Here’s a question that comes up a lot…can I borrow from my IRA. The short answer is…no. Unlike a 401k, there is no loan provision on IRA. But a 60-day rollover may be an option if you need some funds for a short time. Let’s take a look.
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When you get a payment from your IRA or retirement plan, you have 60-days to roll it over into another IRA or retirement plan. Doing that avoids taxes and keeps your money growing tax- deferred.
There are three options for completing a rollover. The first is a direct rollover. You have your 401k make a check payable to your new account…either your new employer’s plan or your IRA. This is a non-taxable transaction…there’s no withholding of taxes…and the money ends up in your IRA or retirement plan. The key is the check is payable to the next account custodian, not to you.
Another rollover option is the trustee to trustee transfer. In this one, you’re taking a distribution from your IRA and having the current custodian make the check payable to another IRA or your workplace retirement plan. No tax withholding, not taxable. Check is not made out to you.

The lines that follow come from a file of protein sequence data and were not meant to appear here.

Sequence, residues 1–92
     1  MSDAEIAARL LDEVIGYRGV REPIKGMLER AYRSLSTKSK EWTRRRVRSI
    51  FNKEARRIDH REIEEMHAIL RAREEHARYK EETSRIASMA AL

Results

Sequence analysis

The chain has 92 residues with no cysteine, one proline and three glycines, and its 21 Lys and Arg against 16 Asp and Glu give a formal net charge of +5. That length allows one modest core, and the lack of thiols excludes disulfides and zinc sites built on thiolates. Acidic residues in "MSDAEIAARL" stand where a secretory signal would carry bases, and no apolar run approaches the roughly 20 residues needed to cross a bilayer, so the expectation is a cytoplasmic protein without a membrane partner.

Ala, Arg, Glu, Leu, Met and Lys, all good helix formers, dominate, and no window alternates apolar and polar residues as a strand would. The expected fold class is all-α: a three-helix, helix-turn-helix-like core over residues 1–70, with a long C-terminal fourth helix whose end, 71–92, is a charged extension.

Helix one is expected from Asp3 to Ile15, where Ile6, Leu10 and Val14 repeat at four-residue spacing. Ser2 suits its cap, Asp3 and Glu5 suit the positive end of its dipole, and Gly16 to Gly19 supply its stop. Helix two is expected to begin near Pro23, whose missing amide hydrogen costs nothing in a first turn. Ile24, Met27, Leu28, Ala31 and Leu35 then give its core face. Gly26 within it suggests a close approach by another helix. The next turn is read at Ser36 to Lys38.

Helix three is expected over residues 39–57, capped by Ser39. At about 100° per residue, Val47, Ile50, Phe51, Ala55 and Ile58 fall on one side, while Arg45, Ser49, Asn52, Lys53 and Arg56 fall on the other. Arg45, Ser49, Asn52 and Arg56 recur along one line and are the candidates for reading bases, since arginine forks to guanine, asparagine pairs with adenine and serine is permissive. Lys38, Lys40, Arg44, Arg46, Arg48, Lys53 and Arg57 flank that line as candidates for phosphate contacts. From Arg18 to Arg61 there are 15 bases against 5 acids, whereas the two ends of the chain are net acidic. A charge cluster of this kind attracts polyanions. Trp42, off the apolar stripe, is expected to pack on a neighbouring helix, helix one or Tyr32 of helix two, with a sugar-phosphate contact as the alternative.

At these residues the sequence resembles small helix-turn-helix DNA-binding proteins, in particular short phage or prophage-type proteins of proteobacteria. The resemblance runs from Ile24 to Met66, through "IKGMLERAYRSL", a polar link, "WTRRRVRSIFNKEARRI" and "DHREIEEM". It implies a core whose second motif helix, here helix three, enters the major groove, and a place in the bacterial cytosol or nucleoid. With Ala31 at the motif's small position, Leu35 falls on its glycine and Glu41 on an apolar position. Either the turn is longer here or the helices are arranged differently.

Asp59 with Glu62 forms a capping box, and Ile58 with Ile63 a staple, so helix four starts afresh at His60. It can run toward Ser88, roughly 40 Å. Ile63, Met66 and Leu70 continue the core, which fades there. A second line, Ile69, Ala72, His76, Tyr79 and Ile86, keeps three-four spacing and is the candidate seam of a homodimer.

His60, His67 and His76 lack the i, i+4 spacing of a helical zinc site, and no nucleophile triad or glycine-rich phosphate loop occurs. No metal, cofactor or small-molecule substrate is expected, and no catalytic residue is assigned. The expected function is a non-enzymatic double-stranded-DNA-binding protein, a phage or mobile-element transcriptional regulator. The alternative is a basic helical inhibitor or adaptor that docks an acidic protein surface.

The third option is the 60-day rollover. In this one, the check from an IRA or retirement plan is made out to you. If it’s from a 401k, the plan is required to withhold 20% for taxes. You’ll have 60-days from receipt of the check to get it into another IRA or retirement plan.
Any amount you don’t rollover within the 60-days will be subject to tax and if you’re younger than 59.5, an additional 10% penalty. Remember the 20% withholding on the retirement plan distribution. You’ll have to come up with that out of pocket to make it a full rollover of the distribution.
What you do with the money during those 60-days…well, that’s up to you. Some folks treat the 60-day rollover as a very short term loan. Just remember, you’re only allowed one 60-day rollover every 12-months.
Rollovers can be tricky. Especially the 60-day variety. Make sure you understand the tax implications before you start one. And it never hurts to consult with a professional.